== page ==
But let’s be fair. Not all Republicans are tripping over themselves to proclaim hostility toward Hispanics. For example, this week, Governor Mark Sanford of South Carolina held a press conference to announce that he was positively bonkers over a Latina. Unfortunately for him, it turned out that the woman was not his wife, turning him into, as Jon Stewart pointed out, “just another politician with a conservative mind and a liberal penis.”

[youtube=http://www.youtube.com/watch?v=sxKg0jZ45H4&hl=en&fs=1&rel=0]

But should we let Sanford off the hook? After all, he may very well have been the powerless victim of the unstoppable, unquenchable Latin Lover. As I’ve written before, this archetype can take the form of an exotic beauty who beguiles the morally upright white male, who then comes to his senses and returns to his proper role as upstanding member of the nuclear family and majority culture.

At least that’s what Sanford is trying to do. In actuality, he just comes across as a guy so desperate for sex that he’s willing to skip work, ditch his family, and fly to another continent for it.

I sense that’s not the way for Republicans to win over Hispanics.


Some Friendly Advice

I’m not in the habit of giving advice to the Republican Party, which is just as well, because they’re not in the habit of accepting it. But in the spirit of bipartisanship, I offer the following: Drop the lame attacks on Sonia Sotomayor, because they’re not going to work.

obama_sotomayor_052609

I say this as a member of the Hispanic demographic, which as you know, is one of the 13,000 groups that Republicans are supposedly trying to win back. I also say it as an American citizen with common sense, which is one of the groups the GOP lost a long time ago.

Yes, we know that the Supreme Court nominee has one controversial ruling (the “reverse-discrimination” firefighter case) and that she mouthed off about Latinas making better decisions than white men. But Newt Gingrich and Rush Limbaugh’s claims that she’s a closet bigot are simply not resonating. And unless pictures emerge of Sotomayor wearing a t-shirt saying, “I hate white people,” that isn’t going to change.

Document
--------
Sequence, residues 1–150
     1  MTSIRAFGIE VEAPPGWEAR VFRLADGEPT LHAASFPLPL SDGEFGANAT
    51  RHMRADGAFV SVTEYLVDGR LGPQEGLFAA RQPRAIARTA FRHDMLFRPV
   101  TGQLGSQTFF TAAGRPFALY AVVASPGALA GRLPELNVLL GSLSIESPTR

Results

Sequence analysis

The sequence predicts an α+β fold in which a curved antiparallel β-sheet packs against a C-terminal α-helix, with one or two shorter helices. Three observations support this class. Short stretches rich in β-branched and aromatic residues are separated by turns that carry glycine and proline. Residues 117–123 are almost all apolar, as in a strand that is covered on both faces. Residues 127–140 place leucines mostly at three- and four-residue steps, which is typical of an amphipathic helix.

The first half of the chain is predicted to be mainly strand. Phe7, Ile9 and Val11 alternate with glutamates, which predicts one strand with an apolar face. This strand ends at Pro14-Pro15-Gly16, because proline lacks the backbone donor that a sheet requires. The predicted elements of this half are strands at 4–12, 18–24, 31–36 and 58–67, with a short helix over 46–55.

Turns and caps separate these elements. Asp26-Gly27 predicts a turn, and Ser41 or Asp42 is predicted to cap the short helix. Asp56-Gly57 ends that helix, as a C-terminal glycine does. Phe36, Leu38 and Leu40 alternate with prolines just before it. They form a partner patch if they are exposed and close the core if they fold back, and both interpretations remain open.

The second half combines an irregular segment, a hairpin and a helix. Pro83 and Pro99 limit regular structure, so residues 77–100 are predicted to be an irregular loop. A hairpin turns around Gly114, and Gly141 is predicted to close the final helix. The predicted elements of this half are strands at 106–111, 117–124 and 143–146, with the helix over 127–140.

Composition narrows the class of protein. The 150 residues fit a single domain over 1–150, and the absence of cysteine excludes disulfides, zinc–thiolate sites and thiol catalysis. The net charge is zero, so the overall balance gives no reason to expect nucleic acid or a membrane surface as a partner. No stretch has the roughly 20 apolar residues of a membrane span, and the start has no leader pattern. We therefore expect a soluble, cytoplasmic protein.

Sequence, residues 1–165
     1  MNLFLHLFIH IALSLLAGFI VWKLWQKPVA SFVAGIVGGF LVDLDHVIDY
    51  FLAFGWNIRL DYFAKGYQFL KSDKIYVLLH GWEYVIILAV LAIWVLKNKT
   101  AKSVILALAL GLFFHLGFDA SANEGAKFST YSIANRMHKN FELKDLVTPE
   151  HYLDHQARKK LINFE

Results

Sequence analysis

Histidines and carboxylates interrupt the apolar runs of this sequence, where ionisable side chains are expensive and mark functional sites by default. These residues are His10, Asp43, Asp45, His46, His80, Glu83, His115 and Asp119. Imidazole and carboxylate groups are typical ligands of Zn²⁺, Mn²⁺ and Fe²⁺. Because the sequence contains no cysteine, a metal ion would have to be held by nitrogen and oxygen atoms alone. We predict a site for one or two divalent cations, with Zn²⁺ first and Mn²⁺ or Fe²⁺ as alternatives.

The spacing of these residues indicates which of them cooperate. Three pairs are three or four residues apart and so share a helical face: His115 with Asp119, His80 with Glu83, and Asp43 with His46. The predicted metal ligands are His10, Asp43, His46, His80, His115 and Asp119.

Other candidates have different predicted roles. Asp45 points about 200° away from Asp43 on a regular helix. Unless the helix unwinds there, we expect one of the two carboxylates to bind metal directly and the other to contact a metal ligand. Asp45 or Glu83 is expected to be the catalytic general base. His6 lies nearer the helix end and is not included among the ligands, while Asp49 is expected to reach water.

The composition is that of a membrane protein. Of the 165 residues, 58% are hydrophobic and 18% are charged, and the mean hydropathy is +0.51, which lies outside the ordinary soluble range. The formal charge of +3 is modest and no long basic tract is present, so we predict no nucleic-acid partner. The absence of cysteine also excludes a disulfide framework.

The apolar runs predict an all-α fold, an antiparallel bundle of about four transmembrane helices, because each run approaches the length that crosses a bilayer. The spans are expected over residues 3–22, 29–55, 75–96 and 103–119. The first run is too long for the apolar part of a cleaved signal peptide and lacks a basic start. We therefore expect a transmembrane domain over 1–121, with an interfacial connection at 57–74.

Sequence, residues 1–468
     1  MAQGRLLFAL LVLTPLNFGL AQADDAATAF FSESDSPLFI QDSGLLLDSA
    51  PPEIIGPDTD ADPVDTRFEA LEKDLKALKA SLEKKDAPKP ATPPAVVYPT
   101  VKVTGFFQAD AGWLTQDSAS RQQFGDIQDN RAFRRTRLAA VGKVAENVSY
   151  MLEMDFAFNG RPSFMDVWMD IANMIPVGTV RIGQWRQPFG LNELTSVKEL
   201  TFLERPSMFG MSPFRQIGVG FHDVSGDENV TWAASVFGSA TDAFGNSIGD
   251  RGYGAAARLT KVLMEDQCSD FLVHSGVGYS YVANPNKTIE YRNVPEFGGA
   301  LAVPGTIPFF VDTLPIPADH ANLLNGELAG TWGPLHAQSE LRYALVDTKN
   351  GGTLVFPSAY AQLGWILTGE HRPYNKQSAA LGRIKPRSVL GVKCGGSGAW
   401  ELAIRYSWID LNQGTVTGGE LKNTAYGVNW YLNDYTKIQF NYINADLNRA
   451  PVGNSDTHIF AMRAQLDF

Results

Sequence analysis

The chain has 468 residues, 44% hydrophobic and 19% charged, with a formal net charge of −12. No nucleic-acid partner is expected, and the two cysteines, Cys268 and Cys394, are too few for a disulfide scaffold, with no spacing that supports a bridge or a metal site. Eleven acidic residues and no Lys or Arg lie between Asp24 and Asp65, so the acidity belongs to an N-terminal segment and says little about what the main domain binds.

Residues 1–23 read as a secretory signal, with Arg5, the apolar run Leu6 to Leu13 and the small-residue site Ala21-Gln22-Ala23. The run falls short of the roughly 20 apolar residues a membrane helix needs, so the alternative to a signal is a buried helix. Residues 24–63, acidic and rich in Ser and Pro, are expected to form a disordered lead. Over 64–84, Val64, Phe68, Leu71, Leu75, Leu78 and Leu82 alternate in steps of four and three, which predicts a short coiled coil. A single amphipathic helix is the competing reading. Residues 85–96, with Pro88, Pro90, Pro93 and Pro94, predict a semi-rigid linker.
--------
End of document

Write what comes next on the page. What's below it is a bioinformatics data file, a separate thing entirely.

To my Republican friends, I say back off while you can. The first reason you can’t stop her is a factual one.

Sotomayor is a well-qualified judge with years of experience. The anonymous allegations that she is dim simply don’t add up (the woman was summa cum laude from Princeton… sounds like a moron to me).

In addition, she also offers a compelling story (The Bronx, diabetes, “Perry Mason,” and so on). Sotomayor had to earn her way into the Ivy League, where she excelled. She wasn’t some rich kid who got in because of family connections and then barely squeaked by with mediocre grades (ahem… where was I?).

This is a chance for Republicans to stop rebuking their own philosophy. You know the one I’m talking about: “Anyone can pull themselves up by their bootstraps, and not let their circumstances keep them back.”

Yet whenever someone actually does that – like President Clinton, President Obama, and Sotomayor – they wind up despised in conservative circles. Then the GOP goes with the son of a president or the son of an admiral to carry their standard. In truth, the last Republican I recall who actually came from dirt was Alberto Gonzalez, and we all (especially mortified Latinos) know how that one turned out.

Republicans should be thrilled. Here is a woman who actually did what they claim everyone can do: Raise up to greatness from lower-class origins. Weirdly enough, they don’t seem pleased see her.

Mike Huckabee couldn’t even be bothered to know her name.

In any case, the second reason for Republicans to cool it is a purely political one.

Do they really want to piss off the fastest-growing block of voters, who by the way, just rejected their presidential candidate by a factor of two to one? Is telling the first Latina ever nominated for the Supreme Court that she’s not good enough truly the message they want to send to Hispanics like me?